Photo by Sean Benesh on Unsplash

Although there are many reasons why one may experience homelessness, contributing factors are state and federal policies. An example is the Lanterman-Petris-Short Act in 1967 which led the state government to deinstitutionalize mentally ill patients. California was one of the first states to do so. Some may argue this was a good thing, but as a result, victimization, homelessness, and increased rates of incarceration occurred. This was followed by the Omnibus Budget Reconciliation Act (OBRA, which President Ronald Reagan signed into law in 1987). It decreased federal funding to the states and gave patients the choice to seek treatment outside of a mental institution, have the option to seek treatments at clinics at the state level, and have the freedom to administer their own medication. An ethical move in the eyes of the federal government, but as we know, the mentally ill are amongst the most vulnerable populations in society because most cannot make sound decisions. As a consequence of these policies, mental illness has become prevalent in the homeless population, making it a difficult problem to tackle.

Aside from these policies, another factor that has contributed to the homeless crisis in Los Angeles is the destruction of single-room occupancy hotels in Skid Row. These single-room occupancies were the most affordable housing mostly used by transient, immigrant men who worked to build railroads around the mid-19th century. In the 20th century, men from the rest of the United States who headed west for employment would often end up on Skid Row, where they could find housing, food, or shelter of some kind. Over the years, it would house the city’s working poor, unemployed, disabled, and otherwise marginalized residents. But between 1950 and 2000, 15,000 residential hotel apartments that were once single-room-occupancy were destroyed, forcing thousands of people onto the city’s shelters and sidewalks.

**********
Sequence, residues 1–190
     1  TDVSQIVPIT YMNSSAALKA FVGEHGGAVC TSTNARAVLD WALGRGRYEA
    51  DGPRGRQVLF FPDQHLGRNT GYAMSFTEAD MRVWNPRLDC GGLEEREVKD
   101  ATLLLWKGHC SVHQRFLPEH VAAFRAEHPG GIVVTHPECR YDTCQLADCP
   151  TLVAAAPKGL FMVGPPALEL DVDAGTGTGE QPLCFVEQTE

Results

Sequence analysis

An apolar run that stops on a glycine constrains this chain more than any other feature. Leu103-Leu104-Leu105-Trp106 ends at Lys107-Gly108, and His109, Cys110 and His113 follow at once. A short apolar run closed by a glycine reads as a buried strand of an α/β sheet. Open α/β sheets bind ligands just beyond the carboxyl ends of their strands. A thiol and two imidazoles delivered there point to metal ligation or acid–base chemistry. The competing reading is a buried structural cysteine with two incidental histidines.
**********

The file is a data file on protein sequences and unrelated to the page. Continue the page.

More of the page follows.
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The Importance of Local Politics: My experience in a USC Neighborhood Council

By Jose Sanchez

Edited by Natalie Grace Sipula & Anahi Terrazas

[4 minute read]

Editor’s Note:

Throughout this month, cities across the United States have seen a change in leadership at, not only a national level but also at the local level as many counties and cities also held elections for local government positions. Local government is often responsible for parks, police and fire departments, public transportation, and housing services, playing a large role in shaping the life of community members and the maintenance of the city or county.